As a 25-year-old lover of games, I sit in an interesting middle ground between two audiences. I grew up playing on my cousin's Nintendo 64 and having a PlayStation Portable (still one of the best consoles to ever exist) but I also felt that childlike joy when the delivery man turned up at my door with my brand new PlayStation 5 on the day of its release.
In that sense, I'm privileged enough to have traversed through so many different gaming eras and have a soft spot in my heart for legacy games – from Pac-Man through to Mario.
The gaming landscape has moved on a long way since I first picked up a controller. Where adventure titles venture beyond capturing Princess Peach, and Battle Royale is the dominant theme across many multiplayer games, some franchises have had to play catch up to stay as relevant as they were decades ago.
A wave of older titles are impressively revamping themselves to appeal to a younger audience, with technology, collaboration, cultural zeitgeist and consistency the main pillars of their approach.\
Immersive Space Invaders game (technology)
Partnering Google to move the iconic aesthetic of Space Invaders from the arcade machine to the real world, the new adaptation of the game uses augmented reality to deliver a fresh experience to a game known and loved for decades.
Tasking users with the challenge of saving our planet from the Space Invaders, the game sees the "monsters" appear to spawn from above and behind buildings and drift through the sky. Players can venture around their local areas and defeat these invaders, scoring points, unlocking power-ups and competing with friends in their proximity.
Following Pokémon Go's success in giving its franchise a fresh lease of life, this Space Invaders revamp trails the same path, bringing the game to the everyday life of users by turning Planet Earth into a big playground.
Lego Pac-Man (collaboration)
When two of the largest and most recognisable brands in the gaming and toys department come together, it's bound to make some noise. Teaming up to create what can only be described as an artefact, it's an intricately designed remake of an arcade machine with the iconic Pac-Man and ghost gang.
A celebration of two brands that have delivered joy over the decades, the piece is also interactive – enabling you to recreate the timeless visual of Pac-Man chasing the ghosts around.
Reading the fanfare of YouTube comments from people who have used and love this collaborative product, it is clear this collision of two popular worlds is a winner.
Monopoly (cultural zeitgeist)
When thinking about Monopoly, what's the first location that comes to mind? Whether it's Mayfair, Old Kent Road or somewhere in between, chances are you're thinking of only one version of the 300+ monopoly boards that have been released since the game's debut in 1935.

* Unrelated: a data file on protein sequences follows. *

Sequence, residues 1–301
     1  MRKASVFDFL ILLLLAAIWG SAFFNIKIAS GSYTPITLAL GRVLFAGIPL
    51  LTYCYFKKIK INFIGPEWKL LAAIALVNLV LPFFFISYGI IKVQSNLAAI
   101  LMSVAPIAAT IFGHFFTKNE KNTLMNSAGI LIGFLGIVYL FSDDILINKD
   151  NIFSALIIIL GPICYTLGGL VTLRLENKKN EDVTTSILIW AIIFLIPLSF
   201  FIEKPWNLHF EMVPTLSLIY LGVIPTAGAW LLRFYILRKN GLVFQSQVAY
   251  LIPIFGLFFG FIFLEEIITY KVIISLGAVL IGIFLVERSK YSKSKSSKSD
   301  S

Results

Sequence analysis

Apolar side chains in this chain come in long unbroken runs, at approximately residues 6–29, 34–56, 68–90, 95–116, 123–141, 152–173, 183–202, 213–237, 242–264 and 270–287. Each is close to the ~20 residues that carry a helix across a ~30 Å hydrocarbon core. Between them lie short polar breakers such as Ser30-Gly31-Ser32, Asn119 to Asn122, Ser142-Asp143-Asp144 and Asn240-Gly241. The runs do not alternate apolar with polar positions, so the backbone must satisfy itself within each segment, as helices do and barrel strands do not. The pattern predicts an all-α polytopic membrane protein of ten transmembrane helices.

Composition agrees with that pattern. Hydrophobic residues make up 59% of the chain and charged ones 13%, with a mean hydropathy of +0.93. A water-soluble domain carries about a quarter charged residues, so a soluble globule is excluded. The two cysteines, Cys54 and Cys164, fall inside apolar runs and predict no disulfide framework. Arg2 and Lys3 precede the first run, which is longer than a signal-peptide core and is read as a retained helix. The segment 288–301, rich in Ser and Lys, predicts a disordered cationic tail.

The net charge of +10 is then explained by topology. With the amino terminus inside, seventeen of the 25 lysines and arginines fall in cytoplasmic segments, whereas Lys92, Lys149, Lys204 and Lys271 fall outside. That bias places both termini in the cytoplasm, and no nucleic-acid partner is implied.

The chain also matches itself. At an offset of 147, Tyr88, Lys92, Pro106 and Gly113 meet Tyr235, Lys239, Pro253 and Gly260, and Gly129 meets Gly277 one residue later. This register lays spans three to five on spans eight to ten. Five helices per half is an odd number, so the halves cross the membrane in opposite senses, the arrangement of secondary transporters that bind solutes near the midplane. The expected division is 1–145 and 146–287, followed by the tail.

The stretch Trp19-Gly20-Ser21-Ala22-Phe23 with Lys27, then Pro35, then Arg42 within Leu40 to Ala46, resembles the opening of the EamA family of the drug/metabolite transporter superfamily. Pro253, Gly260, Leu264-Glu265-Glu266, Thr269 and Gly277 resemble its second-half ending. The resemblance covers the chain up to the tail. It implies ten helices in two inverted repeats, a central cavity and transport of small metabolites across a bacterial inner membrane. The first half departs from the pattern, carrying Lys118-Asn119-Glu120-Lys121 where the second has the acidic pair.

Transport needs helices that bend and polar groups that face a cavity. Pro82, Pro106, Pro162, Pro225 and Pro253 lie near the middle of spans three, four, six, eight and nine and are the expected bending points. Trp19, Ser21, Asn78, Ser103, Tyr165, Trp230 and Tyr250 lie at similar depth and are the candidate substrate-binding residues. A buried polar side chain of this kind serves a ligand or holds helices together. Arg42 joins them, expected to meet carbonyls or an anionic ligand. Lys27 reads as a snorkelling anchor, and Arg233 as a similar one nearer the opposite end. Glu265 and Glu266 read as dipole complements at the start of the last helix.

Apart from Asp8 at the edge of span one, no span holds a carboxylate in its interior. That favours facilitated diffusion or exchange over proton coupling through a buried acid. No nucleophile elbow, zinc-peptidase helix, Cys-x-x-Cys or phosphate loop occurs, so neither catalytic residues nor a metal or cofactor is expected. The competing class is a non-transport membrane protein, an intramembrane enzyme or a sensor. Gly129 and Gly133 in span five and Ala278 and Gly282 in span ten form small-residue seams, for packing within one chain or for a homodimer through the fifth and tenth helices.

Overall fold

While the original Monopoly board might be as essential to some households as cutlery, what's also helped the game continue the growth of its world has been its ability to tap into zeitgeists, creating a perfect platform to crystallise memories through its products.
Whether it's the Godfather-themed board that swaps iconic London locations for unforgettable characters such as Michael Corleone, or the Naruto take on the famous board, where there's a moment, there's a Monopoly board for it.
Tetris (never change)
While some franchises adapt and evolve, it seems Tetris is seemingly unchanged from when it launched the best part of four decades ago. It is still one of the world's most popular games. The story of how the game found its way to players around the globe has now even been made into a feature film.
Sticking to its guns, and building upon its original brand – one that just happens to be a very simple yet addictive brain game – has worked well and, like the saying goes, if it ain't broke, don't fix it!
When you consider a crowd that's invested in the likes of E3 – a festival that serves to update gamers worldwide fuelled by console launches and upgrades – technological understanding is part of a gamer's DNA.
Using technology in innovative ways can not only pique interest but will speak to a gamer, making them more likely to invest in your brand/product. When brands like Lego and Pac-Man come together, the collision of two (or more) familiar worlds makes gamers feel like they are being spoken to.
Being able to update your world to the zeitgeist, as Monopoly does, enables fringe consumers to familiarise themselves with your world while more active fans are able to absorb themselves more deeply.
All of these franchises, although they exist in the world of play, have cultivated connections that sit beyond that core world. They're all cultural icons in their own right, recreational activities each with their own distinguishable aesthetic.
It's almost impossible not to think of Pac-Man when you see a yellow circle. That strong visual identity can easily translate, merge and be complemented by a plethora of other facets in the world of entertainment.
And we all love nostalgia, so leaning in to the legacy of your brand, as Tetris does, will help you withstand trends. Having an aesthetically distinguishable look will mean gamers know exactly what they're getting from you, which can go a long way in generating an everlasting love for a brand.
A massive part of gaming, and what attracts people to it, are the memories formed with our communities, but the feeling of being together in a physical space playing games seems to have been lost. Here lies a huge opportunity for a brand to recreate that nostalgia-inducing feeling of community in a new way.
Seun Areoye is trends editor at Amplify